Zambian traditional fermented foods
Duration: January 01, 2015 – September 30, 2019
Aim: Local fermented foods are nutritious and safe and are part of Zambian and African culture. Their potential to promote development is currently neglected. This project will optimize the entire value chain of these products from local (female) producers to consumers. As such it will enhance and increase the availability of cereal-based fermented products.
Objective: Better health and nutrition; increased income for local people.
Method: Defining best practices to improve food production-consumption chains and better address the demand of rural and urban consumers.
Dutch policy goals: Increase sustainable food production; Improved access to nutrition; and Efficient markets.
Year 1: The past year 2015 was the start-up year of our project. We recruited and hired four PhD candidates who started their PhD trajectory by drafting a detailed research plan for their specific PhD projects within the frame of our project The original project envisioned three PhD projects, with additional outside funding we managed to add a fourth.
As a pilot for the research and to fine tune research questions and procedures, several experiments were conducted, both in the laboratory and in the field. These experiments gave insight in the microbial composition of several traditional fermented products in Zambia. Further, both short and longer term field visits gave insight in the current processing practice of products.
In the past year, local producers in rural villages were actively engaged in the fine-tuning of research questions and the planning of the research to ensure that the project will not only yield results that are of scientific interest, but also meaningful for local people in their effort to scale-up and professionalise the production of traditional fermented products in Zambia. With this, we aim to help promote nutrition security by optimising the entire food value chain of local traditional fermented products.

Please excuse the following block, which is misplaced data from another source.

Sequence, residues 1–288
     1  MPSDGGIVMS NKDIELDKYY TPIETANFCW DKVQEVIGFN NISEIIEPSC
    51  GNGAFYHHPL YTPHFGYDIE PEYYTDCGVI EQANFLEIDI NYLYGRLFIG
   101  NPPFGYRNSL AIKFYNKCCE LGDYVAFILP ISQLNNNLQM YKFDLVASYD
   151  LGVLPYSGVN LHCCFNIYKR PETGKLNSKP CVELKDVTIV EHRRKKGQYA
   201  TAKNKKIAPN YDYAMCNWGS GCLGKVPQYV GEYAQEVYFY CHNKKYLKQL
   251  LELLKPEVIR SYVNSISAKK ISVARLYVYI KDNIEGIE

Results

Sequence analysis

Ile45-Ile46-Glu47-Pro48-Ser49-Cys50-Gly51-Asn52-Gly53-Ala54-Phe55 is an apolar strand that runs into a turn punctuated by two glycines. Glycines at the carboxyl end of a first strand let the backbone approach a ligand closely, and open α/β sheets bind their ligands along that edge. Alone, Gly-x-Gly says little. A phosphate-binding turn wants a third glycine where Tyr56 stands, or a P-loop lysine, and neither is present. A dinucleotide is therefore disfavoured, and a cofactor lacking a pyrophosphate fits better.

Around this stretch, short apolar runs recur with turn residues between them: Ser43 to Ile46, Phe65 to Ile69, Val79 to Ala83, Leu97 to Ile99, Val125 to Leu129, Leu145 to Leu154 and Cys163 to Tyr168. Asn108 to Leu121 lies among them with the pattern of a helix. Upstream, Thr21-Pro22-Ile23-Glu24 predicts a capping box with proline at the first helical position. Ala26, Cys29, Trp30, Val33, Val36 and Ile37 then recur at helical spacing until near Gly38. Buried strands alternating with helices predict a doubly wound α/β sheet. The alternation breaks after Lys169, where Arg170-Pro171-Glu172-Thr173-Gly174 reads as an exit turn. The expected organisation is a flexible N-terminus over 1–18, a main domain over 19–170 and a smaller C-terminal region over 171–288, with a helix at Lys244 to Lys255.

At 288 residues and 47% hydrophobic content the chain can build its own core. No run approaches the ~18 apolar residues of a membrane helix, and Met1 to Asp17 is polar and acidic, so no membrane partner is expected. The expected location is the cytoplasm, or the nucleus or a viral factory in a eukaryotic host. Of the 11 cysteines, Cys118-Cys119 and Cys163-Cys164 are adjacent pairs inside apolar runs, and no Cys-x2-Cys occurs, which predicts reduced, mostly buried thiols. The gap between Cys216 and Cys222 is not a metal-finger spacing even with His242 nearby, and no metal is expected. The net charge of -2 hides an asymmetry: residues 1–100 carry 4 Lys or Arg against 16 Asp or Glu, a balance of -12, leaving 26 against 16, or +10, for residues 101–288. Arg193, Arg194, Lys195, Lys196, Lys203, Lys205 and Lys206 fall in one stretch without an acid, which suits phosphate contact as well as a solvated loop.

In the upcoming year 2016, the PhD candidates will start/continue their actual research on the ground by establishing the current processing practice in detail and what the consequences are of variations in this practice for microbial product stability, taste and nutritional value. This will lead to leads on how an optimal processing practice could look like. In the beginning of 2016, we will have a start workshop with stakeholders from NGOs, government, private enterprise and others, as well as field visits and an academic symposium to inform and get feedback of various stakeholders on the details of our planned research.
Summary mid-term review: By optimizing traditional fermented foods, we aim to improve the food chain between consumption and production and increase production and nutritional value. We specifically focus on two traditional fermented foods from Zambia: Mabisi (milk-based) and Munkoyo (cereal-based). Fermented foods rely on the activity of micro-organisms to transfer a raw material into a product with enhanced properties. We started by characterizing the current variations in production process among producers. We found that for both products variations exist that give rise to slightly different products. By intensively monitoring selected fermentations, we have made a first characterization of the types of microbes present. Finally, we quantified the nutritional content of the products and surveyed the current diet of people in rural areas. We found that especially Mabisi can contribute to optimizing the diet. Next steps are to optimize current processing practice, the define what combinations of microbes yield the best products and to assess how the consumption of our products can improve nutritional status during field trials. In our project, we work with local stakeholder organizations which has greatly helped to focus our scientific research and to ensure ownership of local producers. This will allow for effective dissemination of results.
Year 3: In the project on traditional fermented foods in Zambia, we focus on two types of products (Mabisi based on milk and Munkoyo based on cereal) that are important traditional foods that are part of local culture yet not formally described. We found that for both products, various methods of production exist, especially for the milk based product. The production method is specific for ethnic groups in rural areas, our next step is to ask urban consumers on their preference. We further are profiling the products for their microbial composition asking what factors shape these communities and what makes them stable of time and to withstand invasion by pathogenic bacteria. This has implications for the starter cultures (defined mixes of bacteria) for standardized products. To facilitate standardized products, we are currently performing a formal hazard analysis on the production procedures in consultation with the Zambia Bureau of Standards.